The romance of the American West is built in large part on the idea of lawmen and outlaws riding across the frontier with six-shooters blazing — countless books and movies have glamorized pistol-wielding men in the decades since. Without Samuel Colt’s first major sale to the Texas Rangers on January 4, 1847, however, the legends of Billy the Kid and Jesse James might never have come to pass.
Growing up in Hartford, Connecticut, Colt became fascinated with the power of gunpowder as a youth after reading about the explosive black substance and learning of Irish-born American inventor Robert Fulton’s experiments with mechanics in Compendium of Knowledge. Well into his teens, he overheard soldiers lamenting the time it took to reload a rifle and made a vow to himself he would build an “impossible gun” capable of firing several rounds.
Unknowingly, he had already been beaten to the punch. Elisha Collier created a flintlock revolver the year Colt was born, 1814. Tapping the common firing mechanism for rifles of the era, Collier received a patent in England four years later and contracted with John Evans and Son of London to produce a pistol that would fire six bullets in succession. Designed to load a fresh pinch of gunpowder each time the holder pulled back the hammer, the guns were a hit with British soldiers working in India despite being somewhat unreliable.
While working aboard the trade vessel Corvo on a voyage to Kolkata in 1832, Colt saw similar designs for the first time. When he returned to the US, he began experimenting with designs for a pistol with a rotating barrel. By 1835, after wrangling with Baltimore gunsmith John Pearson over the design and producing a spinning chamber recognizable today, he was sailing to England and France to secure patents. (A quirk of law in Britain meant he would be unable to have protection for his idea if he already had a filed his design in the US.)
An improvement on Collier’s original design, the Colt Paterson used percussion caps instead of loose powder to fire the projectile. By creating a pistol with easily-replaced parts, Colt wanted to pair machines stamping out components with craftsmen putting the weapons together. In his mind, if a problem were to arise with a particular revolver, the owner could simply toss out the faulty piece and purchase another. Designated as the sole owner of rights to produce the revolver for a period of 20 years, Colt seemed positioned for success.
Through a combination of challenging economic times and Colt’s spendthrift tendencies, the company failed to take off. Forced to sell his manufacturing plant in Paterson, New Jersey, he turned to other inventions in order to generate funding to relaunch his revolver. He met with moderate success building underwater mines and creating an improvement on the traditional musket cartridge, but could not find interested investors — even as his reputation grew through a partnership with telegraph inventor Samuel Morse.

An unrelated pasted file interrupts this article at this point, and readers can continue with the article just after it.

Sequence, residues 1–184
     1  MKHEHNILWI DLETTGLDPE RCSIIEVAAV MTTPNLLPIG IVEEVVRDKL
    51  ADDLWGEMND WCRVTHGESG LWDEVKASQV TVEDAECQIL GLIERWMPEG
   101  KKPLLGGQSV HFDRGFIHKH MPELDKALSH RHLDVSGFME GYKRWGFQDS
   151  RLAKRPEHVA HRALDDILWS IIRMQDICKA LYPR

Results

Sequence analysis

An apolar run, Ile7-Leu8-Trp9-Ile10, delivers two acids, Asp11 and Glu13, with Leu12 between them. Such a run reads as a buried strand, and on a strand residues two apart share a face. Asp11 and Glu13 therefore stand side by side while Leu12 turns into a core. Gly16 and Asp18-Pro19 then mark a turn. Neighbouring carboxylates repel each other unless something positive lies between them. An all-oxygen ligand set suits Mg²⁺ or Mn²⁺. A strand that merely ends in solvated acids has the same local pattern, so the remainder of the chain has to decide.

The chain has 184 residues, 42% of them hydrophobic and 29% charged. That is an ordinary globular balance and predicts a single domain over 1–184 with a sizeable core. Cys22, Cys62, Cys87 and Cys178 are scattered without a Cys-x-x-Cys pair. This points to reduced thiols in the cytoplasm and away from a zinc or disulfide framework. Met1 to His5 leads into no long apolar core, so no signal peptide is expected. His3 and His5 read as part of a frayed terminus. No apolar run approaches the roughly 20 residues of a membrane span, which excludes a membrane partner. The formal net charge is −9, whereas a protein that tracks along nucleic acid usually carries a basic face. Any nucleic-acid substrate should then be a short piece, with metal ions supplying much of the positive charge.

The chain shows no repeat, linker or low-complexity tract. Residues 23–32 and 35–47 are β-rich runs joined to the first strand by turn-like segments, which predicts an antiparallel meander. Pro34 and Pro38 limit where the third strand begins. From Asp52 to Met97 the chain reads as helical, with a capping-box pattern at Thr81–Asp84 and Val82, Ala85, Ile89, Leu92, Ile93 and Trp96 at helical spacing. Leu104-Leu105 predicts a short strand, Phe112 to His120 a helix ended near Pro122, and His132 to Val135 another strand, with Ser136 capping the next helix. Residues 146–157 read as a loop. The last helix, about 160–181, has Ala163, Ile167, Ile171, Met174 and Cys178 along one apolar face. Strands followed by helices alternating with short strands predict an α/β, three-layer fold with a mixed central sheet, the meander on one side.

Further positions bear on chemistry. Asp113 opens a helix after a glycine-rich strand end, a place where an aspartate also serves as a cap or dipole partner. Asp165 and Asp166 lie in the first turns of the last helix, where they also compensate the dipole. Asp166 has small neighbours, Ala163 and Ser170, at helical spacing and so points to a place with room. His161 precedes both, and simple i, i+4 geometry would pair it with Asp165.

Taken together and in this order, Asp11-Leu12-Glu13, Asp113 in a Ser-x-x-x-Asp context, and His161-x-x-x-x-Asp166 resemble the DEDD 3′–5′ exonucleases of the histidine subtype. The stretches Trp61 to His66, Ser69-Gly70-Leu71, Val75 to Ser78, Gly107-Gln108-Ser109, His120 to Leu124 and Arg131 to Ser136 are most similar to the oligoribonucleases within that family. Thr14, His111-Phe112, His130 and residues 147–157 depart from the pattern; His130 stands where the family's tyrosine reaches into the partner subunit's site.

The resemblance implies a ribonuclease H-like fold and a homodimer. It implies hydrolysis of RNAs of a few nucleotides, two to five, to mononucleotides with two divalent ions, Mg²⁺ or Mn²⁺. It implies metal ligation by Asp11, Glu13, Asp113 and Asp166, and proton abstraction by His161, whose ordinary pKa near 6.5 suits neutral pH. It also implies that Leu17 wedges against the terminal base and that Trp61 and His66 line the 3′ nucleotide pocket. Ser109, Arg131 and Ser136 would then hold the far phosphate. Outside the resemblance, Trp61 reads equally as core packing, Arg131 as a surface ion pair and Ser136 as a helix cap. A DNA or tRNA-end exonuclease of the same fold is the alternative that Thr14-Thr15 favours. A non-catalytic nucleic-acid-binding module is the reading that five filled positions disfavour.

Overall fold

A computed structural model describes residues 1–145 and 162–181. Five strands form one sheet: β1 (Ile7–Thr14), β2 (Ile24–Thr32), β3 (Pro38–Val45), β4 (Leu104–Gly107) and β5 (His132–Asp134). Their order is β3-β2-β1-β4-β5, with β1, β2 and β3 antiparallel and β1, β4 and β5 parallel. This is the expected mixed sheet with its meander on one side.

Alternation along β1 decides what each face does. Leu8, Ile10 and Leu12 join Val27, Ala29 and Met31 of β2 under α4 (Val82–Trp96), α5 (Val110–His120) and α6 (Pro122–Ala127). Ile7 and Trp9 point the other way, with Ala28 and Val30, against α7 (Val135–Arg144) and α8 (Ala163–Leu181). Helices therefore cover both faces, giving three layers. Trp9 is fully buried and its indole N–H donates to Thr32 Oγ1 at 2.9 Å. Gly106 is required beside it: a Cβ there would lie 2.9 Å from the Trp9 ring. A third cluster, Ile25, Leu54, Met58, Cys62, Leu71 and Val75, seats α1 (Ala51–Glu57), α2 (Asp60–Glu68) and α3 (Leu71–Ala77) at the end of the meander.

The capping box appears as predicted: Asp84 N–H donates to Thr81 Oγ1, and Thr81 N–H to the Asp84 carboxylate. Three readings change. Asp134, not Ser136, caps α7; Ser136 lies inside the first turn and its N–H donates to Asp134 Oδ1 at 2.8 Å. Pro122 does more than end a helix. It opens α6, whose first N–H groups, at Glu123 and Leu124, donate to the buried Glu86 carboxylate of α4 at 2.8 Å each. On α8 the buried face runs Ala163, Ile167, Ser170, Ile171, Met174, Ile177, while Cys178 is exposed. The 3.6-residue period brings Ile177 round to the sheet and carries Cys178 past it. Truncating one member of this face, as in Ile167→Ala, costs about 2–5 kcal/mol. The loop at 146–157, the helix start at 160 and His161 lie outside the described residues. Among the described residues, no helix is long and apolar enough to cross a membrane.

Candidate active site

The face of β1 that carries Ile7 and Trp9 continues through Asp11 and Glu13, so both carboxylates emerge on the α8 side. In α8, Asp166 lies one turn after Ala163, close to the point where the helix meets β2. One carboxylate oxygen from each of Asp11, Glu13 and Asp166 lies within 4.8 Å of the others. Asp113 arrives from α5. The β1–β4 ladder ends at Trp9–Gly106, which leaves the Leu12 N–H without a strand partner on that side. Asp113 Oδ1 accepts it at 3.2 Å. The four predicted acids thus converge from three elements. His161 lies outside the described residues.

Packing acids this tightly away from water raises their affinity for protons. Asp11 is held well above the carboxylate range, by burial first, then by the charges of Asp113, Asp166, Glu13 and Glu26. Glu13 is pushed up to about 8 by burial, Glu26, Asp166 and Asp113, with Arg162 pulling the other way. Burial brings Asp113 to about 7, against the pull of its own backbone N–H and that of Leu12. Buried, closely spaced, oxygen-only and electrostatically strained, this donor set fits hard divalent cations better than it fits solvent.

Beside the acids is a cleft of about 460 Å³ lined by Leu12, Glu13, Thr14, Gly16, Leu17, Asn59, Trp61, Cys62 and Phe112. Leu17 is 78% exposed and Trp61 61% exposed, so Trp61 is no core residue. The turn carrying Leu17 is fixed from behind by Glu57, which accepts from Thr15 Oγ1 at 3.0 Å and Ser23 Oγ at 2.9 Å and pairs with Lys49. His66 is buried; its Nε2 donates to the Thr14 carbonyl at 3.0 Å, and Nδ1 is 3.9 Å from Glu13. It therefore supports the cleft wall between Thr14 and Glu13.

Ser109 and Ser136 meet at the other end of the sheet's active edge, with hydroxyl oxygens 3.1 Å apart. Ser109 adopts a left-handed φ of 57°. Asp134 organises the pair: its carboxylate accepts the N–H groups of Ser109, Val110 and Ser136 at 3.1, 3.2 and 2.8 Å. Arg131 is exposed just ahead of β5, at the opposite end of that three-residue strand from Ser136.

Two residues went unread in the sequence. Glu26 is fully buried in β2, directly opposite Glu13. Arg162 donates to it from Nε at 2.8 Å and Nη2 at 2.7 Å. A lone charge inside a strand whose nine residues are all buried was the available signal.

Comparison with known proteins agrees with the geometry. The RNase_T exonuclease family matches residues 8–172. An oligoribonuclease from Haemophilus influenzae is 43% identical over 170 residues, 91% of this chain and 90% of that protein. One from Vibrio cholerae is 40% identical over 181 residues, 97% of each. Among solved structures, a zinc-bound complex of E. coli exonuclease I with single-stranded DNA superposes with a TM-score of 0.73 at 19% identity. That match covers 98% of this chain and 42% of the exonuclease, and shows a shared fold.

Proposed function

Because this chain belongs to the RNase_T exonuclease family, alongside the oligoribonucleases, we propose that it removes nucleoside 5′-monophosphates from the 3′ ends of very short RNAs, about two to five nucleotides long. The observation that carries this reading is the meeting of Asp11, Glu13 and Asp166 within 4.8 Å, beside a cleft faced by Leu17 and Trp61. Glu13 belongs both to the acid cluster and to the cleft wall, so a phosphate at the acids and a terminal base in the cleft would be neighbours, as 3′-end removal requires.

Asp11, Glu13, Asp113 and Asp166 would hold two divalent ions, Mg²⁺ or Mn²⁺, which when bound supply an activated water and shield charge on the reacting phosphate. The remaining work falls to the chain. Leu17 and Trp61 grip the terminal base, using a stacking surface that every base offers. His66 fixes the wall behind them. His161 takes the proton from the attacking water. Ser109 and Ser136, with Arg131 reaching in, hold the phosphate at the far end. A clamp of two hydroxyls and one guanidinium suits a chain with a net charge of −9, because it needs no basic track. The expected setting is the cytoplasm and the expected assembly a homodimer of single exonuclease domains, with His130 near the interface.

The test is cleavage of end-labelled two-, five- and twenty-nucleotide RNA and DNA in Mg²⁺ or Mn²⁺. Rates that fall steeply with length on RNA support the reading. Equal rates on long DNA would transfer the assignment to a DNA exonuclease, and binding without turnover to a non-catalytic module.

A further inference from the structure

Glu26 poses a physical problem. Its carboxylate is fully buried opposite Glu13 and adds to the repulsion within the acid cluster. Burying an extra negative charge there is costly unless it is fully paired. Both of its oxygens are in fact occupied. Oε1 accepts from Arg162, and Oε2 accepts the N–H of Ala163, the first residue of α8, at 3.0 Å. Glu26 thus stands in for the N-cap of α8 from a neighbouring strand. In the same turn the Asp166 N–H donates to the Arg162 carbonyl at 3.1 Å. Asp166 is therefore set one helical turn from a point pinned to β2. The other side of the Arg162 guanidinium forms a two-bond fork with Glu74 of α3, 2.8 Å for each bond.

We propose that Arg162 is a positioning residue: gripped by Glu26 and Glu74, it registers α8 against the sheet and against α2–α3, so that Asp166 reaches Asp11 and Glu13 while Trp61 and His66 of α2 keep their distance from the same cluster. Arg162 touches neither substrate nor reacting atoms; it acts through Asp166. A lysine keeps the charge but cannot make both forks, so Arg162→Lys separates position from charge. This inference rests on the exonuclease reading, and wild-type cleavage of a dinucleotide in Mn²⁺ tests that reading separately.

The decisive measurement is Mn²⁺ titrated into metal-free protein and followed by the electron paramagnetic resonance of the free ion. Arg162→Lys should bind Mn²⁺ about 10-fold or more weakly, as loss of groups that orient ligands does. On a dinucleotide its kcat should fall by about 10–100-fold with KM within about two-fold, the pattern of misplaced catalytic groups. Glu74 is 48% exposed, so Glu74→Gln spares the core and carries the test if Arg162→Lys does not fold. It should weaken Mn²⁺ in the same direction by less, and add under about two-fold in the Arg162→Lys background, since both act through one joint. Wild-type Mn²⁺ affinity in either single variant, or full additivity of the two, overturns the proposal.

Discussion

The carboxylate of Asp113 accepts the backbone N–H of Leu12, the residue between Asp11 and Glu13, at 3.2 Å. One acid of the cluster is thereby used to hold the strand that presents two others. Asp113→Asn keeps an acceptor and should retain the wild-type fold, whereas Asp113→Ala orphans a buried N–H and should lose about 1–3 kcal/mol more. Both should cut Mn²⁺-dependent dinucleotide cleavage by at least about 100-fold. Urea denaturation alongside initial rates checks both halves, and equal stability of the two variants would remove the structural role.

By the mid-1840s, Colt produced a refinement of his original design in the hopes of attracting capital. No one was willing to take the plunge with him again. He pulled together enough money to have a prototype built, then turned it over to the US War Department (the previous name for the Department of Defense) believing it would earn him a government contract.
On January 4, 1847, Colt received an order from a government agency, but not the one he petitioned. Captain Samuel Walker, a Texas Ranger who used early models of the Colt Paterson in the Seminole Wars in Florida, showed up at Colt’s shop in New York City and asked for 1,000 pistols. Requesting a handful of alterations — a higher caliber, a sixth chamber, faster reload times — Walker provided Colt with the inspiration for the revolver that would make him famous.
Used in the Mexican-American War, the Colt Walkers were soon followed by the Colt Dragoon in 1848, with a longer barrel and even quicker loading. Popular amongst civilians, as well, the sidearm became a favorite as Americans pushed into the wild frontiers west of Missouri and beyond. Four years later, the larger 1851 Navy Revolver would become the standard pistol for military officers.
As imitators sprang up, Colt worked diligently to protect his invention, gaining an extension on his patent and prosecuting anyone he believed violated its terms. At the time of his death in 1862, he was one of the wealthiest men in the US, a decade before his invention’s reputation as the “Peacemaker” would turn the weapons bearing his name into the most sought-after guns in the Old West.
Also On This Day:
1649 – The English Civil War begins when King Charles I sends soldiers into Parliament
1865 – The New York Stock Exchange opens its first permanent headquarters at 10-12 Broad in New York City
1958 – Sputnik 1 returns to Earth, burning up on re-entry after three months in orbit
2010 – Burj Khalifa, the world’s tallest building, is opened